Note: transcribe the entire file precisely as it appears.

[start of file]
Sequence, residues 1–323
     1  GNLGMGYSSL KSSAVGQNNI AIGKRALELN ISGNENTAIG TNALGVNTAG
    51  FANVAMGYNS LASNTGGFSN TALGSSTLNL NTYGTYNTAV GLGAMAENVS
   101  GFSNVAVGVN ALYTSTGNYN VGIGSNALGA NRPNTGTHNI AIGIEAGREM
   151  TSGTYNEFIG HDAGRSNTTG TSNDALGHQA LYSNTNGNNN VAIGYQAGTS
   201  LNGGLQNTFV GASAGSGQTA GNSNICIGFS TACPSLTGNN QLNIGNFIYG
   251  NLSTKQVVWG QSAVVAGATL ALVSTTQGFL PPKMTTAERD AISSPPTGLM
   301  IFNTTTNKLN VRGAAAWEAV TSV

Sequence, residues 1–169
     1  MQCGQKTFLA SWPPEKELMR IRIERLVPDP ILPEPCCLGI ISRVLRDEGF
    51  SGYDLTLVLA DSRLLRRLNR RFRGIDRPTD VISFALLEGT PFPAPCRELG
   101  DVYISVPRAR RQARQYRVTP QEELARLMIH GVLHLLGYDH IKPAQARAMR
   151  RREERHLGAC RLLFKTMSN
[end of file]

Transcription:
Sequence, residues 1–323
     1  GNLGMGYSSL KSSAVGQNNI AIGKRALELN ISGNENTAIG TNALGVNTAG
    51  FANVAMGYNS LASNTGGFSN TALGSSTLNL NTYGTYNTAV GLGAMAENVS
   101  GFSNVAVGVN ALYTSTGNYN VGIGSNALGA NRPNTGTHNI AIGIEAGREM
   151  TSGTYNEFIG HDAGRSNTTG TSNDALGHQA LYSNTNGNNN VAIGYQAGTS
   201  LNGGLQNTFV GASAGSGQTA GNSNICIGFS TACPSLTGNN QLNIGNFIYG
   251  NLSTKQVVWG QSAVVAGATL ALVSTTQGFL PPKMTTAERD AISSPPTGLM
   301  IFNTTTNKLN VRGAAAWEAV TSV

Sequence, residues 1–169
     1  MQCGQKTFLA SWPPEKELMR IRIERLVPDP ILPEPCCLGI ISRVLRDEGF
    51  SGYDLTLVLA DSRLLRRLNR RFRGIDRPTD VISFALLEGT PFPAPCRELG
   101  DVYISVPRAR RQARQYRVTP QEELARLMIH GVLHLLGYDH IKPAQARAMR
   151  RREERHLGAC RLLFKTMSN